This book changes everything. Everything that was established in the first two books is given new life and new meaning in Blue Blood. The twists and turns and surprises of this novel were overwhelming, sometimes forcing me to put the book aside and just give my mind a moment to process what had just occurred. Unlike the other books, this one seemed to open up a completely different universe in the world. While Silver Blood played in the city (and the city is still present) and Red Blood played in the underground (sadly, less present), this novel takes the reader on a journey through forests.
Throughout the other books, I had already fallen in love with Jasper’s character. He’s such a giant sweetheart. A silent giant sweetheart who really deserved his own story. I had wished for more information on his backstory, but that is surely my mind having adjusted to the pattern of flashbacks in Red Blood. Simply put: I wanted to know everything about him even though that is never meant to be. He’s my lovely, large, Lion. And I adore him. He’s the type of person who you just want to hug. And he’s also the type of person who generally likes everyone he meets and would be willing to dish out such hugs. While not without his flaws (he’s a muscle head with a temper, for sure), he also has wonderful traits that balance him out terrifically.
While Jasper is fantastic, his headvoice is what sold me on this one. Bluebell is a bubbly female creature who lives inside the head of a very large man. Despite Emma Hamm’s intention of clearly making their whole symbiosis a joke, she didn’t waste the absolute ‘aw’ factor that could be slipped in between them. Bluebell isn’t just the annoying voice in his head; she’s Jasper’s child.
Mercy… Mercy is a whole different story, which is appropriate. She’s a creature on a different level. Her past has nearly broken her, but I love that it hasn’t. She’s a tough, independent woman with a harsh way of dealing with her problems. She’s kind at her core, but her core is surrounded by walls of fire and burning carcasses. She’s a wild thing who wants, more than anything, to be truly free. Which is difficult when she is constantly harming people by being herself. The progression of her character and the jolting surprises that were thrown at me or revealed through her were wonderful. I found her extremely fun to root for and extremely unpredictable.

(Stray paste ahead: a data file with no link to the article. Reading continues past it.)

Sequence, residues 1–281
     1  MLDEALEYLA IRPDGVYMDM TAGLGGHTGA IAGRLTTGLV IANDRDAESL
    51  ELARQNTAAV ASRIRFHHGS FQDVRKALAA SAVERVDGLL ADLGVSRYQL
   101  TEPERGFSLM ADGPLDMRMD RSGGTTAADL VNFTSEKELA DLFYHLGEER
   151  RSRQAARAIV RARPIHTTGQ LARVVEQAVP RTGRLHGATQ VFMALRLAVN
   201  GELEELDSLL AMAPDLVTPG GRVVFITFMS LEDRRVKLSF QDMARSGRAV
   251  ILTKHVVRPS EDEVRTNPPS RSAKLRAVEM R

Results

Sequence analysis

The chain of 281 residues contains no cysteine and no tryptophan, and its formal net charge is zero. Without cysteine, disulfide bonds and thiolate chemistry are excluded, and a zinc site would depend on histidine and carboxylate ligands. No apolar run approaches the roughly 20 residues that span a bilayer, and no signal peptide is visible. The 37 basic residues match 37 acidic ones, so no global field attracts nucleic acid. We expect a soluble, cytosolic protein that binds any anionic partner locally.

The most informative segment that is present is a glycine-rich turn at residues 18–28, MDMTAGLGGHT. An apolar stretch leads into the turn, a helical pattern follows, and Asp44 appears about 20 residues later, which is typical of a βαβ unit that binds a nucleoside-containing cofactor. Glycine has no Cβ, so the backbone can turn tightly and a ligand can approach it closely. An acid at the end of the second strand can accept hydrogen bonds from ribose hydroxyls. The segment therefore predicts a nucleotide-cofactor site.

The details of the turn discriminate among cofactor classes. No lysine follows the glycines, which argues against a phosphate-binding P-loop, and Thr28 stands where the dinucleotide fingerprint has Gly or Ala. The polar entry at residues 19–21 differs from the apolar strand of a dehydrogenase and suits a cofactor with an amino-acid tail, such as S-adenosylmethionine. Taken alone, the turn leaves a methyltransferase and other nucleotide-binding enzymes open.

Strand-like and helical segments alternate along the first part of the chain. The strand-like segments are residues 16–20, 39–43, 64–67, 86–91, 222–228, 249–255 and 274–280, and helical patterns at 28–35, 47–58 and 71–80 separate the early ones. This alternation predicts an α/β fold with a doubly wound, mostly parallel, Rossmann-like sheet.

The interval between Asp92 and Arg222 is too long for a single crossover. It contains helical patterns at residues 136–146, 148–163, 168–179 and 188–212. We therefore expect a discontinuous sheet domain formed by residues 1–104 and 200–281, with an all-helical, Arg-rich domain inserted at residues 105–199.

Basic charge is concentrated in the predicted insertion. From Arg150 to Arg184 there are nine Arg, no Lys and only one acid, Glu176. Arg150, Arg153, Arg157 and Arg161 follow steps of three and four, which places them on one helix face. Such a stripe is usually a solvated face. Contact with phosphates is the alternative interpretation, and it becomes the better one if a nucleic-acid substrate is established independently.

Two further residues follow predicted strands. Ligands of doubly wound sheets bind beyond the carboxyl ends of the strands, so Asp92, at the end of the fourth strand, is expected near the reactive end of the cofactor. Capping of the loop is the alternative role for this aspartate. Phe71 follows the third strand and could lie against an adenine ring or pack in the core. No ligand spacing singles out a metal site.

Likewise with Jasper’s headvoice, Mercy’s also enhances who she is and makes her just that much better. Ignes was fantastic from the second I saw him. He’s got a character that puts him right next to Pitch and Wolfgang when it comes to my favorites. Well, favorite males. (E is my favorite…thing.) Ignes has so many sides to him. While he is still a child, his immaturity shines through in his innocent actions, truly making me feel protective of him. While he is an old man in our way of thinking, his maturity made me fall in love. Once again like with Jasper and Bluebell, they are better when they are together. The care between Mercy and Ignes is tangible. Every sliver of a relationship in this book hooked me. Even the ones that didn’t last until the end or only managed a tiny bit of a chapter. The connections were created flawlessly with lots of heart.
Blue Blood was a wild ride that I thoroughly enjoyed, and I definitely recommend it to anyone who loves forests as much as I do.
If you have any doubts: There are Giants. There are villains who call water a ‘plebeian beverage’.
Oh, and there’s Pitch. Lots of Pitch. Pitch’s Epilogue. Pitch’s club. Pitch’s house.
Buy this book and love it. If nothing else, do it for Pitch. ❤